Investors buoyed by President Donald Trump's speech to Congress piled into stocks on Wednesday, but veteran trader Art Cashin told CNBC "the bill is still yet to be paid."
"It's going be interesting when we get to the changes in the debt ceiling, etc. They won't be able to talk their way through that. That's going to need action," the director of floor operations for UBS Financial Services said in an interview with "Closing Bell" on Wednesday.
"The president's speech was masterful in the sense that he looked very presidential and that seemed to catch his opponents by surprise, but legislatively they've got a lot of work ahead of them."
In his first speech to the joint session of Congress on Tuesday night, Trump reiterated his calls for tax reform and repealing and replacing Obamacare, as well as stressed his efforts so far to bring jobs and investments back to the U.S.
Investors apparently liked what they heard. U.S. equities surged to all-time highs on Wednesday, with the the Dow closing above 21,000 for the first time. The climbed 1.4 percent to 2,395.96 after briefly breaking 2,400 for the first time.
"What you learned about markets, which was not known before today, was that what they prefer is hearing what priorities are and what the resolve is as opposed to hearing details," Terry Haines, head of political analysis for Evercore ISI, told "Closing Bell."
While there were few specifics in Trump's speech, it established big themes — and that's exactly what these types of first speeches are supposed to do, said Lawrence Lindsey, president and CEO of the Lindsey Group and former director of the National Economic Council.
And he isn't concerned about Trump being able to get his agenda eventually accomplished.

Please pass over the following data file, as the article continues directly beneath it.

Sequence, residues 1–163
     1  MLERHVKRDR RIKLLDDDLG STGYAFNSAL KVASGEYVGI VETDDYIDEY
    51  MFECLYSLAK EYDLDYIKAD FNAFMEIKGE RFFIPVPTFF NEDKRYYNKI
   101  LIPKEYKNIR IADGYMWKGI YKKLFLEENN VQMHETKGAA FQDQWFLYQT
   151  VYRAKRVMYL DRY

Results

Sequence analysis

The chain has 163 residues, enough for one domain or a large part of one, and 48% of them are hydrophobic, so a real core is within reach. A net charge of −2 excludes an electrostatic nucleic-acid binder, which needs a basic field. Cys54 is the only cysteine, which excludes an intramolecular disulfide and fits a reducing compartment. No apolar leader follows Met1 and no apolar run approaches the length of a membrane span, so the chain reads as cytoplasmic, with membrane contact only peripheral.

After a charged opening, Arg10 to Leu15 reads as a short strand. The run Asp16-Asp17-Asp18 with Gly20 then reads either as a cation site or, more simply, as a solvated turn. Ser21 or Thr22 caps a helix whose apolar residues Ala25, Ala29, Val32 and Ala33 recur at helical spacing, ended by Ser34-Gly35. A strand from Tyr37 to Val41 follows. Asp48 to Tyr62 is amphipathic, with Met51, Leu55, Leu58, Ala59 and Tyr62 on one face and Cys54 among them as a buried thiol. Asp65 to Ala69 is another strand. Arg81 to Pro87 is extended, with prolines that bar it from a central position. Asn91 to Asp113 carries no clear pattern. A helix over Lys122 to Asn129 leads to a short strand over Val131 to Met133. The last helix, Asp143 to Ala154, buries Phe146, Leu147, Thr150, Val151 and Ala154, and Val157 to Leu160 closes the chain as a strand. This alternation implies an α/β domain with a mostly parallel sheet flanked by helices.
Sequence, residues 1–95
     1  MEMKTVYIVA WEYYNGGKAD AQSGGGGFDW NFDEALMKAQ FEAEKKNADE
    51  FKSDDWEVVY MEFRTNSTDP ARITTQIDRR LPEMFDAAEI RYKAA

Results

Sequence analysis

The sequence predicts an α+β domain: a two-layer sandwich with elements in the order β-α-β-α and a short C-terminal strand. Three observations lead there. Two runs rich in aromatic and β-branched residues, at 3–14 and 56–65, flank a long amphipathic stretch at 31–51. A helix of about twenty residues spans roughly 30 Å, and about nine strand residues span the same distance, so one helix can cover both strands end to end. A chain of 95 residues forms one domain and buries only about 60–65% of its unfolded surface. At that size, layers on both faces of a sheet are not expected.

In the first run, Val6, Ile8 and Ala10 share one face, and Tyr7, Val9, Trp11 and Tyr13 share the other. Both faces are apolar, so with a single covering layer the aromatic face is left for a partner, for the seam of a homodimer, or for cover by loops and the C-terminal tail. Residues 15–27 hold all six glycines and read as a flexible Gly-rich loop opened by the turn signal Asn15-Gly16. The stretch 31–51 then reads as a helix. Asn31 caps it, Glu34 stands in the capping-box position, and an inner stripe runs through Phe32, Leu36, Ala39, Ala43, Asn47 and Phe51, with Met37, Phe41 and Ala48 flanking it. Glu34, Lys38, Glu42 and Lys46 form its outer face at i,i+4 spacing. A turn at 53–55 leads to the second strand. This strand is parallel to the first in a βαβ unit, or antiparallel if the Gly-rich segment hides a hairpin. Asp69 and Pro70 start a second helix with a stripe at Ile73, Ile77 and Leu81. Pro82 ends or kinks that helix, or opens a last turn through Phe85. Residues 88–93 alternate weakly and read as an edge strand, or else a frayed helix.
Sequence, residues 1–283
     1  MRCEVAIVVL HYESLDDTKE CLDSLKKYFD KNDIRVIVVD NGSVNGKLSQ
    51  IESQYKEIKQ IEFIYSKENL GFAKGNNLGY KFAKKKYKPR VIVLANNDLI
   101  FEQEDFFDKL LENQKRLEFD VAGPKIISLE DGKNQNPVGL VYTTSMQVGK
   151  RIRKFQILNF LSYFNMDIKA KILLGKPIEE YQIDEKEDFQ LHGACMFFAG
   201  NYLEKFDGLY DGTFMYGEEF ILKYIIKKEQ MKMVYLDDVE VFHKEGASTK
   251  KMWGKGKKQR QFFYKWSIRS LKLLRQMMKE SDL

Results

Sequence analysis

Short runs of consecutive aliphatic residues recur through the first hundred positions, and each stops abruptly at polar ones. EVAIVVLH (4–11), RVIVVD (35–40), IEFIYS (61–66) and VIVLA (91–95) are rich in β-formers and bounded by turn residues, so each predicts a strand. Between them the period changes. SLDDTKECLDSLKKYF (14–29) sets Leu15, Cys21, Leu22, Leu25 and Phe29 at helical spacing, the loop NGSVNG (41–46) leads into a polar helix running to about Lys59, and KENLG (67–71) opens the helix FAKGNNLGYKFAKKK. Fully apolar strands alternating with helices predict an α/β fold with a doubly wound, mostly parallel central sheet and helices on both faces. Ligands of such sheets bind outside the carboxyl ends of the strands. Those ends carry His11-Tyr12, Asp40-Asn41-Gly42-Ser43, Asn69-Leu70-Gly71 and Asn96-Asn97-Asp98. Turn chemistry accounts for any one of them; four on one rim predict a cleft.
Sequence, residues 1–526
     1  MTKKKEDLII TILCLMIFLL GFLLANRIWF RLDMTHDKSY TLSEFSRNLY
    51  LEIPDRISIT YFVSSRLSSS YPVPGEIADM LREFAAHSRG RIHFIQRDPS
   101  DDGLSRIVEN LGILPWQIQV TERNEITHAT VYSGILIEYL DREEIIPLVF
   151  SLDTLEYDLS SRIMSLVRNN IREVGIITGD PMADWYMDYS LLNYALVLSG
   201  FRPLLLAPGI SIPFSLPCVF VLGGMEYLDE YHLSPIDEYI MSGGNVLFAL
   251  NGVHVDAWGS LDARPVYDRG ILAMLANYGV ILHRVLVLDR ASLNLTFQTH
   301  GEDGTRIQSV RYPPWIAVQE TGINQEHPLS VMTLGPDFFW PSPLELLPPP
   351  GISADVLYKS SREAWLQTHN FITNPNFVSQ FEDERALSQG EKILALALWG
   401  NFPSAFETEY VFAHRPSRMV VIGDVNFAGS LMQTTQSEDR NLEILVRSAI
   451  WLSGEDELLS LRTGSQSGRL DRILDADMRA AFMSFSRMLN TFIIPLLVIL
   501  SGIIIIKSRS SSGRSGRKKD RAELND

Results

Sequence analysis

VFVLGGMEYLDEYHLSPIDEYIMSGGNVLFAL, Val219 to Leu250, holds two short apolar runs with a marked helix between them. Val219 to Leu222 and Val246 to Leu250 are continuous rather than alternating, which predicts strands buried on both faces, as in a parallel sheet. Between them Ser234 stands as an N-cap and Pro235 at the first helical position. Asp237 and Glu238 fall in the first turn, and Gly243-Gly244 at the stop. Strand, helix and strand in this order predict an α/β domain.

"They are basically on track. We have to remember just how long it takes to do these things under any administration," Lindsey said in an interview with "Closing Bell."
In fact, he believes the administration is committed to getting its tax reform bill through before Labor Day.
"It's going to involve a lot of negotiations, a lot of compromises, but I think that they're going to move forward on that," he said.
House Republicans already have a tax plan, which includes a controversial border adjustment that would essentially tax imports and exempt exports.
Trump has yet to publicly state his position on the measure, but Henrietta Treyz, managing partner at Veda Partners, thinks he signaled he may be in favor of it.
"Last night, Trump got, in my opinion, within striking distance of supporting … Rep. Brady and Speaker Ryan's 'Better Way' agenda, which is the border tax adjustment. He came quite close to endorsing it in language but definitely not using those same words," she said.
Senior CNBC contributor Larry Kudlow, an informal Trump advisor, has said he believes the border adjustment tax appears to be "winning" inside the White House.